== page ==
Memories from the trenches

Memories from the trenches

The memories of soldiers who fought in the trenches in World War One are a fascinating source about life in the war. Primary source memories from World War One have given historians a vast resource to use.    

“Whilst asleep during the night, we were frequently awakened by rats running over us. When this happened too often for my liking, I would lie on my back and wait for a rat to linger on my legs; then violently heave my legs upwards, throwing the rat into the air. Occasionally, I would hear a grunt when the rat landed on a fellow victim.” 

(R L Venables)

“If you have never had trench foot described to you, I will explain. Your feet swell to two to three times their normal size and go completely dead. You can stick a bayonet into them and not feel a thing. If you are lucky enough not to lose your feet and the swelling starts to go down, it is then that the most indescribable agony begins. I have heard men cry and scream with pain and many have had to have their feet and legs amputated. I was one of the lucky ones, but one more day in that trench and it may have been too late.” 

(Harry Roberts)

 

“The water in the trenches through which we waded was alive with a multitude of swimming frogs. Red slugs crawled up the side of the trenches and strange beetles with dangerous looking horns wriggled along dry ledges and invaded the dugouts, in search of the lice that infested them.”  

(unknown journalist)

 

“To get a ‘cushy’ one is all the old hands think about. A bloke in the Camerons wanted a ‘cushy’ bad! Fed up and far from home he was. He puts his finger over the top and gets his trigger finger taken off and two more besides. “I’m off to bonny Scotland!” he says laughing. But on the way down to the dressing station, he forgets to stoop low where an old sniper is working. He gets it through the head.”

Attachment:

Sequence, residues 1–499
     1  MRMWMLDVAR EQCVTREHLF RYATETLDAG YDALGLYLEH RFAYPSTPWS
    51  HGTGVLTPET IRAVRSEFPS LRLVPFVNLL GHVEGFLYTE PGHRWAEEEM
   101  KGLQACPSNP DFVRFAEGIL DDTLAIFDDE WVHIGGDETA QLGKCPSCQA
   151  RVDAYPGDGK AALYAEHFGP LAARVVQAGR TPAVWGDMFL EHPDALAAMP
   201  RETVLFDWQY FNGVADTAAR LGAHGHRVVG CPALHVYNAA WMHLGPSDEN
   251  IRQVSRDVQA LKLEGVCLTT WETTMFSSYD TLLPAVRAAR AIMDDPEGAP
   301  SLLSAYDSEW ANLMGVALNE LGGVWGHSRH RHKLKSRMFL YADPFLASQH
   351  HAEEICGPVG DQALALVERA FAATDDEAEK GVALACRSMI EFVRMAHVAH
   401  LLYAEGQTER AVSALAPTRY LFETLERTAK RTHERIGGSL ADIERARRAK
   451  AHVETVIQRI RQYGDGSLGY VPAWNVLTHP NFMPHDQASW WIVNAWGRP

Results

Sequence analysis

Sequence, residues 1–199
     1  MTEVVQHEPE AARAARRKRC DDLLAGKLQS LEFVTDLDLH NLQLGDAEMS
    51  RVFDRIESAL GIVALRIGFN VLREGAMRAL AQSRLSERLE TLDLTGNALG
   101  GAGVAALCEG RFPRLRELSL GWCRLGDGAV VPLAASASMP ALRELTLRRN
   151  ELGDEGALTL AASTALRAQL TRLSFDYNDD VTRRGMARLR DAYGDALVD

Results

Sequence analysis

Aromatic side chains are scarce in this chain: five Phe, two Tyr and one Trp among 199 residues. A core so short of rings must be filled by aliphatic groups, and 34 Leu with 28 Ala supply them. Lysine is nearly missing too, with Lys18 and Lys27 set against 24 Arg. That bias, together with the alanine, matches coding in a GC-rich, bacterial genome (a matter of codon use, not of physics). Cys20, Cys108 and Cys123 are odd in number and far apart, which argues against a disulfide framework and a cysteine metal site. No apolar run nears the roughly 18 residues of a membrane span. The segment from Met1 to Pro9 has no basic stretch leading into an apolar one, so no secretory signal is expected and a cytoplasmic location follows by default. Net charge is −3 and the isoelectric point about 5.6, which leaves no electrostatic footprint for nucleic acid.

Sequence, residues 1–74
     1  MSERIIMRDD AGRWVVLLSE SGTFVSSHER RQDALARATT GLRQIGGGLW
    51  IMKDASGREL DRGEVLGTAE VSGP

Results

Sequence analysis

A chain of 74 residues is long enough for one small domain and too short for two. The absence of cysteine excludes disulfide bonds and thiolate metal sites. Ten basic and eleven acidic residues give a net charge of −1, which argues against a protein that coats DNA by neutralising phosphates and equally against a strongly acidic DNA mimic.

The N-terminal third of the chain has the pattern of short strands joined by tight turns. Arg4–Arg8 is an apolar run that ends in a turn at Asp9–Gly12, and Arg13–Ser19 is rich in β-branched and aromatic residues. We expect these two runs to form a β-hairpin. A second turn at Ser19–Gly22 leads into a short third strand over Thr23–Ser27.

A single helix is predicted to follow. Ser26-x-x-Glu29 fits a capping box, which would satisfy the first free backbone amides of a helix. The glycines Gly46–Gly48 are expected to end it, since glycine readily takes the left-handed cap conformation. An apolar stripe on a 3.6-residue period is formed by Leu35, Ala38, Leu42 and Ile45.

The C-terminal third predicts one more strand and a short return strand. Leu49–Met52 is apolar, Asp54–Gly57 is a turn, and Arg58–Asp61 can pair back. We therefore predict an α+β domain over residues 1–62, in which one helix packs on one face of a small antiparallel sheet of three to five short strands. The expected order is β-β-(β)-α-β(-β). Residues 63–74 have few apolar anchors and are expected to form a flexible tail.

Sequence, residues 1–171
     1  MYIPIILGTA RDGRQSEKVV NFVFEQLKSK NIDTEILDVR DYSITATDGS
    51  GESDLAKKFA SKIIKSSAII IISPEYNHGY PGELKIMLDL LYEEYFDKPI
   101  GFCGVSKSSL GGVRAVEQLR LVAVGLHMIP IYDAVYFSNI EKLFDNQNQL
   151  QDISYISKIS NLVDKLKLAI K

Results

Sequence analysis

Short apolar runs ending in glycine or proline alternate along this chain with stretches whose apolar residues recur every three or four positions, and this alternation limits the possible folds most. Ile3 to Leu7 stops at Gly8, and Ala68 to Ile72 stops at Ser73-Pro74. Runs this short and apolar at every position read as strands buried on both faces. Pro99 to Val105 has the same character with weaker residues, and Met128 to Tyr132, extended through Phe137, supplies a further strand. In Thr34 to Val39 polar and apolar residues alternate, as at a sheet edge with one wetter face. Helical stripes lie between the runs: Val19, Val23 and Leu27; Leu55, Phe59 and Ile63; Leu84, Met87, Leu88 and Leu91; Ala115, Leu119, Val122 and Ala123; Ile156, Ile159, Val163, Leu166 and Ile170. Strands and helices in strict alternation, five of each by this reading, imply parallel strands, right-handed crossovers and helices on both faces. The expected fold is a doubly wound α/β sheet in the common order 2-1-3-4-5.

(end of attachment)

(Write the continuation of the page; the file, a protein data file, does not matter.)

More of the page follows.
(Robert Graves)

 

“We slept in our clothes and cut our hair short so that it would tuck inside our caps. Dressing simply meant putting on our boots. There were times when we had to scrape the lice off with the blunt edge of a knife and our underclothes stuck to us. “ 

(Elizabeth de T’Serclaes – a nurse on the front line)

 

“No 1……2 Private A B; the Battalion (Pioneers) South Staffordshire Regiment was tried by FGCM on the following charges: “Misbehaving in such a manner as to show cowardice”. The accused, when proceeding with a party for work in the trenches, ran away owing to the bursting of a shell and did not rejoin the party. The sentence of the court was to suffer death by being shot."

 

"We must looked out for our bread. The rats have become much more numerous lately because the trenches are no longer in good condition. The rats here are particularly repulsive, they are so fat - the kind we call corpse-rats. They have shocking, evil, naked faces, and it is nauseating to see their long, nude tails."

Erich Maria Remarque


MLA Citation/Reference

"Memories from the trenches". HistoryLearningSite.co.uk. 2014. Web.






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